Just heard from a 9/11 family member, our friend Sgt. Tim Sumner of 9/11 Families for a Safe & Strong America, who received the following e-mail from the Office of Military Commissions concerning jihadi Khalid Sheik Mohammed and others at Gitmo:
“….today, April 4, 2012, Bruce MacDonald, the Convening Authority for Military Commissions, referred to a military commission charges against five detainees for their alleged involvement in the 9/11 attacks: Khalid Sheikh Mohammed, Walid Muhammad Salih Mubarak Bin ‘Attash, Ramzi Binalshibh, Ali Abdul Aziz Ali, and Mustafa Ahmed Adam al Hawsawi.
“The case was referred as a capital case (meaning the accused could be sentenced to death if convicted) for all five individuals. Mr. MacDonald has made the decision to “refer,” which means to send the case to a panel of at least twelve members, whose function is analogous to jurors in a federal or state court. The case was also referred as a joint trial, meaning that all five of the accused will be tried together, unless the military judge later determines that any or all of the accused should be tried separately.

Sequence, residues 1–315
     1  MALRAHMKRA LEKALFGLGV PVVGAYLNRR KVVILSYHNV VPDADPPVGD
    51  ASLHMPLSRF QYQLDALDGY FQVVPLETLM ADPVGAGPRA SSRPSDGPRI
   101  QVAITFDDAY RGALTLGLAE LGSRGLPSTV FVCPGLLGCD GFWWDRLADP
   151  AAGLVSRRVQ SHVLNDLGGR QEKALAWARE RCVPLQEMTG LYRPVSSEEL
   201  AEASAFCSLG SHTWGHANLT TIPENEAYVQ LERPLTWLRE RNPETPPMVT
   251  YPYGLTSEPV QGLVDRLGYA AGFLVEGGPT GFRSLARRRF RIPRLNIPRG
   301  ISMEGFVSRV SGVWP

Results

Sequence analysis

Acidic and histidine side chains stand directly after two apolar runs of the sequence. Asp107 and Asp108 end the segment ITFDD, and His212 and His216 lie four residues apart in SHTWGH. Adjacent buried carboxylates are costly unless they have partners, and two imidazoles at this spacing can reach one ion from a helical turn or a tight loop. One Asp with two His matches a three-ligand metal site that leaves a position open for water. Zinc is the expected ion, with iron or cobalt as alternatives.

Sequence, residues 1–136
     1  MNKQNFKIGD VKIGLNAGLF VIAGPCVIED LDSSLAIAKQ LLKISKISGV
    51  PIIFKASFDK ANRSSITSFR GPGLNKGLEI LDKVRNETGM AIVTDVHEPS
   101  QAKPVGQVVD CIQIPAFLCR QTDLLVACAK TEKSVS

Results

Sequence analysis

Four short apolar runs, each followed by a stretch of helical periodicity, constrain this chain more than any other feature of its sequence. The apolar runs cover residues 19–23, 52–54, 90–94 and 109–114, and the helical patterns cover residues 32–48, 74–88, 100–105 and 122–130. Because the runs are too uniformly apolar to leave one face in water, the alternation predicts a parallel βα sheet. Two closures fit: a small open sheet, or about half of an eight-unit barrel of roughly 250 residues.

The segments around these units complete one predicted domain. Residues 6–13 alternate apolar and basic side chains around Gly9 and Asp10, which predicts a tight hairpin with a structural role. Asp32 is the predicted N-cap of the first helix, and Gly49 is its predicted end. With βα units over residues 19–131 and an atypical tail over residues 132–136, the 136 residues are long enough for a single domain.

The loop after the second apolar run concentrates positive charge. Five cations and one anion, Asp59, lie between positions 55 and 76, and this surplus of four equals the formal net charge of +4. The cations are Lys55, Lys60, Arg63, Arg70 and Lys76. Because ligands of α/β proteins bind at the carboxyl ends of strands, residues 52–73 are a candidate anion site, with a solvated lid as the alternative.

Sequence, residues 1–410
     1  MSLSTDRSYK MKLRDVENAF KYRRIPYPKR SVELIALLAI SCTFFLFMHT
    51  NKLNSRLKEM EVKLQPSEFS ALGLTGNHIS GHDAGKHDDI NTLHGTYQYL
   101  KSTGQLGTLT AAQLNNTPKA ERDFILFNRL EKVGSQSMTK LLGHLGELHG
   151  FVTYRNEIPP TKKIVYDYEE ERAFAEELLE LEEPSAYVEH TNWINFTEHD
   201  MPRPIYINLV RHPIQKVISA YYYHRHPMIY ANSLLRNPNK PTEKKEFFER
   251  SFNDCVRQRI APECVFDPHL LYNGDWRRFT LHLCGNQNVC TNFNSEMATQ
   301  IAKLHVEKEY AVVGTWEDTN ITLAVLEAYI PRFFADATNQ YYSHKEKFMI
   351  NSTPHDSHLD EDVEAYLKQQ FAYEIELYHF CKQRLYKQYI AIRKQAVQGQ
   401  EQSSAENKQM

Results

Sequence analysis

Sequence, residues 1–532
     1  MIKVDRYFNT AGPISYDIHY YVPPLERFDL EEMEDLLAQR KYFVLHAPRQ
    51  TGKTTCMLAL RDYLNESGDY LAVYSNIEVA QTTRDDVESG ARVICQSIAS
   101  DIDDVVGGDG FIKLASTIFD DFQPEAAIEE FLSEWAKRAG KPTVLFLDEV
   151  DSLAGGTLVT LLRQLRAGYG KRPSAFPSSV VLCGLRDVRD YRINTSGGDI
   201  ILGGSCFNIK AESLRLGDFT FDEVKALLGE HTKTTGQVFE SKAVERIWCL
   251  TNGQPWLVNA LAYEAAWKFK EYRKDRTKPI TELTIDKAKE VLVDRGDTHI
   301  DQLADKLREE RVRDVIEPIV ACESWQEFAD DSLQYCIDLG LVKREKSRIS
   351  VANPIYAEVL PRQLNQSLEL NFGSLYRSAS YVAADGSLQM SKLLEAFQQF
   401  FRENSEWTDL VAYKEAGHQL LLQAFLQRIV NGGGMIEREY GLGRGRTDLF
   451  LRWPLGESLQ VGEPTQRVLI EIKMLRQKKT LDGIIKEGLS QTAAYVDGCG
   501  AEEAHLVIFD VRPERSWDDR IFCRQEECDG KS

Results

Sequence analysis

“We will seek to arraign the accused individuals in front of a military judge at Guantanamo Bay, Cuba, within 30 days of service of the referred charges as required by law.”
Tim adds that family will have closed circuit access to the proceedings at select, secure locations.
A senior Pentagon official Wednesday approved the death penalty trial at Guantanamo Bay, Cuba, of Khalid Sheik Mohammed and four co-defendants who are accused of orchestrating the Sept. 11, 2001, attacks, a step that restarts the most momentous terror trial likely to be held at the military base.
A military commission trial of the five men began under the Bush administration, but it was stopped by the Obama administration as part of its failed effort to close the detention center at Guantanamo.
The five defendants were first charged in 2008, and the case was suspended after Obama came into office. Those charges were formally withdrawn in early 2010 as part of an administration plan to move the men to New York for trial in federal court.
That effort collapsed in the face of congressional and local opposition. In April 2011, Attorney General Eric H. Holder Jr. announced that he was reluctantly sending the case back to the military.
Justice delayed is justice denied. Holder’s Department of Injustice doles out the blame while the jihadis thumb their noses.
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